Vitamin D3 Blog

Everything you need to know about Vitamin D3 (cholecalciferol).

Seattle Residents May Be More Susceptible to Seasonal Depression

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The epic winters and rains experienced by Seattle are known to cause depression in a large percent of the population. Why? Research has shown that sesonal depression, also known as Seasonal Affective Disorder, or SAD, is linked to a lack of a Vitamin D3.

Vitamin D3cholecalciferol – is the form of Vitamin D that is obtained through human exposure to direct sunlight. It is considered to be superior to other forms of Vitamin D such as ergocalciferol, which is better known as Vitamin D2.

Vitamin D3 SunResearch has shown that people in cold, rainy climates, are more susceptible to Vitamin D Deficiency, which has been scientifically linked to Seasonal Affective Disorder. This means that people who live in places like Seattle, Washington, where the climate is often rainy and generally cold, are more likely to suffer from SAD, which is a type of seasonal depression that occurs primarily during the winter months.

Take this passage from an earlier post about Vitamin D Deficiency appearing on this site:

A scientific link between low Vitamin D3 levels and depression has been established following several recent studies confirming the relationship. According to one such study by scientists at Georgia State University: “The likelihood of having depression in persons with vitamin D deficiency is significantly higher compared to those with vitamin D sufficiency. Early diagnosis and intervention are paramount because coexistence of vitamin D deficiency and depression has serious negative consequences on health.” (Source)

There has been a surge of interest the medical research community concerning Vitamin D3. Dr. Michael Holick of Boston University School, one of the world’s leading experts on the topic, has been quoted as saying “You’re more likely to live longer and you’re less likely to die of serious chronic disease if you have adequate vitamin D on board. It may well be the most important nutrient of the decade.”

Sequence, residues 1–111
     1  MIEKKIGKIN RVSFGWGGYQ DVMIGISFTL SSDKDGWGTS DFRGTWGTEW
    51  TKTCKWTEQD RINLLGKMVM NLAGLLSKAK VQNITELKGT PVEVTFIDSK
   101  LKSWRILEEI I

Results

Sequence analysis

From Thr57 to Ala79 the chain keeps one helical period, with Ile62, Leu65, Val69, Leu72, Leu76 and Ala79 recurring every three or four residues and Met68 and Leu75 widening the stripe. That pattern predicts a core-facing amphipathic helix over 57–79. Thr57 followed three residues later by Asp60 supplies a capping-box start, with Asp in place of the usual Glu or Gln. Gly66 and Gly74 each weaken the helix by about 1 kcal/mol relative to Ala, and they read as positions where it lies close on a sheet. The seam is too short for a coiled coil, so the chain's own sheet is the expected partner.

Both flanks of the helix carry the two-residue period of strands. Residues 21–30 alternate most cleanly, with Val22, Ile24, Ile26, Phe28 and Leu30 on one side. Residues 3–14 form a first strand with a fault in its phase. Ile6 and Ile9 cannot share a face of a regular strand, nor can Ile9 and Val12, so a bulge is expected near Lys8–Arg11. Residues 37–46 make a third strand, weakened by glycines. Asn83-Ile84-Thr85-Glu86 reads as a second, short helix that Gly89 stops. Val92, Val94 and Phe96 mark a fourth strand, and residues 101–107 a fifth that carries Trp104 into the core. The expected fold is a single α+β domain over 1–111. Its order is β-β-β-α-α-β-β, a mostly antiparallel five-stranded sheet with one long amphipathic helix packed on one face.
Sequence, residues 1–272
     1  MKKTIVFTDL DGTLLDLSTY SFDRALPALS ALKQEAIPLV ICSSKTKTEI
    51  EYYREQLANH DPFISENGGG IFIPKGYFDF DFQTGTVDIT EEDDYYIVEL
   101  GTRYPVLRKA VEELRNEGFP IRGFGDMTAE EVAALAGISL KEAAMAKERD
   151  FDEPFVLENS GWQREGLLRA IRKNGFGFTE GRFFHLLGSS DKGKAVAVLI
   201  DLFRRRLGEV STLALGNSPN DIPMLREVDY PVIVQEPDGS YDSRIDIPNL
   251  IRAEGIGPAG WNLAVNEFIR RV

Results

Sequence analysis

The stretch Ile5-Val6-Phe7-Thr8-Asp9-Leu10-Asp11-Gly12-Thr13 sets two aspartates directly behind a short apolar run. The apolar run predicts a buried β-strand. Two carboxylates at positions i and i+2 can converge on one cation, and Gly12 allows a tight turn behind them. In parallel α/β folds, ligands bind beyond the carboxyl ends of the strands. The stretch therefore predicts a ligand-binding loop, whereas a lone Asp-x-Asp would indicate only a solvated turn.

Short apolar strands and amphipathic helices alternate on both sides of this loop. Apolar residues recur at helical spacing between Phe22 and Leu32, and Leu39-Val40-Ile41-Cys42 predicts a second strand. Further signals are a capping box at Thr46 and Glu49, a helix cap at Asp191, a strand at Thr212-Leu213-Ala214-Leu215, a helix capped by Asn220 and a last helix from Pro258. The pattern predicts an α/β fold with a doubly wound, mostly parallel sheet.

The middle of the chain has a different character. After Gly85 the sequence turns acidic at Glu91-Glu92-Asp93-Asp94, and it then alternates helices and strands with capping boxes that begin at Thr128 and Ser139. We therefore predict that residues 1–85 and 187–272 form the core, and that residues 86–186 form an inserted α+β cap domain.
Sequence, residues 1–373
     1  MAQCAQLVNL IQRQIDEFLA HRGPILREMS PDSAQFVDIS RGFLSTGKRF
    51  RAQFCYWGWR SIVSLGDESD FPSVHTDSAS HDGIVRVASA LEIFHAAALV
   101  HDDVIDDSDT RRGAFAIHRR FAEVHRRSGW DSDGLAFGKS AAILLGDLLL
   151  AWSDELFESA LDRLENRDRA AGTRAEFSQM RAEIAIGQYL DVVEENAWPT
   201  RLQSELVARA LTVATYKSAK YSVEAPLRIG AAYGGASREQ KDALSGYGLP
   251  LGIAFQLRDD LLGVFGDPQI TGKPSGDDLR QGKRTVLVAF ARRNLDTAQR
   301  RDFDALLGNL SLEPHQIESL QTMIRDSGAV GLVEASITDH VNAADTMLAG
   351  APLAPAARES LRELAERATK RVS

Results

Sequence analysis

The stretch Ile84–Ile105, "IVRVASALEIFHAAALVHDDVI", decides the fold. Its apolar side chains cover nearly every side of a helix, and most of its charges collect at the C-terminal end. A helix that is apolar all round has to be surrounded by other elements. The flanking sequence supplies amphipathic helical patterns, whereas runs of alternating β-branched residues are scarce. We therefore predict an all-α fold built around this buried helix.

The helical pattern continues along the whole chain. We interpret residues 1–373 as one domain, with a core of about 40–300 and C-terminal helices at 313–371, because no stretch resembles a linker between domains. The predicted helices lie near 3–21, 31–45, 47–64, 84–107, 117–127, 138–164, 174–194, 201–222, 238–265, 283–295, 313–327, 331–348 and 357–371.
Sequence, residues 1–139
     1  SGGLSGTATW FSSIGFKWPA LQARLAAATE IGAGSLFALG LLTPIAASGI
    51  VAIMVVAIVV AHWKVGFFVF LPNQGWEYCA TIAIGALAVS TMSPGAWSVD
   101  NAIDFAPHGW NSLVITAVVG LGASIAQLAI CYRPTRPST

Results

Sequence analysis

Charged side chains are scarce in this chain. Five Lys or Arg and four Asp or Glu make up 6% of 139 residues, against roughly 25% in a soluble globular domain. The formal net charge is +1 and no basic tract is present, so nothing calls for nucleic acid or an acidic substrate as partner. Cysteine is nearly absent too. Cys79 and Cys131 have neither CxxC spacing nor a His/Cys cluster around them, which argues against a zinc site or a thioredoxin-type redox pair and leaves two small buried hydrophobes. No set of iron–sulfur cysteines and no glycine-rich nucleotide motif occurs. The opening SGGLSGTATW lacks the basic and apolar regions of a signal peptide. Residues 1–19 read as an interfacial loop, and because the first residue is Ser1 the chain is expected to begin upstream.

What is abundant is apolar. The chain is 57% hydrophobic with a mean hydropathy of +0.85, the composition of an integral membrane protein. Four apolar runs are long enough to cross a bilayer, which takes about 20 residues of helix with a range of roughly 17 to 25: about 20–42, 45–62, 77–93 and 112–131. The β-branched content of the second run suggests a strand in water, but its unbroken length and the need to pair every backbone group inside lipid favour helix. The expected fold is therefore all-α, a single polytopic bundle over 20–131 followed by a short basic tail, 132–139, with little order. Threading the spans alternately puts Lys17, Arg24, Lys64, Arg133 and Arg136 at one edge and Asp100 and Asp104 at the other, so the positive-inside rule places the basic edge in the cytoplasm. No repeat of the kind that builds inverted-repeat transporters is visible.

There is also current research being conducted on Vitamin D3 at the Mayo Clinic, the Fred Hutchinson Cancer Research Center and The U.S. Institute of Medicine to name a few. Existing research has already linked Vitamin D Deficiency to at least 32 different diseases, illnesses and various other health ailments.

People who live in northern climates that are cold and/or rainy have limited opportunities to obtain Vitamin D from sunlight. It is recommended that these individuals in particular take high-quality Vitamin D3 Supplements in order to prevent Vitamin D Deficiency.

Dr. Marc Sorenson on Vitamin D Deficiency, Depression and Seasonal Affective Disorder:

Written by Admin

July 28th, 2011 at 7:43 pm

3 Responses to 'Seattle Residents May Be More Susceptible to Seasonal Depression'

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  1. More and more evidence is pointing to this vital vitamin! Get your sunlight!


    18 Jan 12 at 4:54 pm

  2. How much sunlight is the right amount? Too little and no vitamin d, too much and skin cancer? Also, does sunblock also stop you from making vitamin d?


    20 Mar 12 at 11:34 am

  3. As with all things, moderation is the key to longevity. Sunblock does indeed inhibit vitamin D absorption. It depends on other factors as well, such as how much clothes you’re wearing. Skin tone plays a role as well. The darker the skin, the lower the absorption rate. Without knowing your skin tone, your specific needs and where you reside, it would be impossible to answer your question other than to suggest having your levels tested and asking your doctor (and hoping/praying he/she is a good doctor. Trusting your own judgment isn’t a bad idea for most people (only you know that).


    5 Apr 12 at 1:58 am

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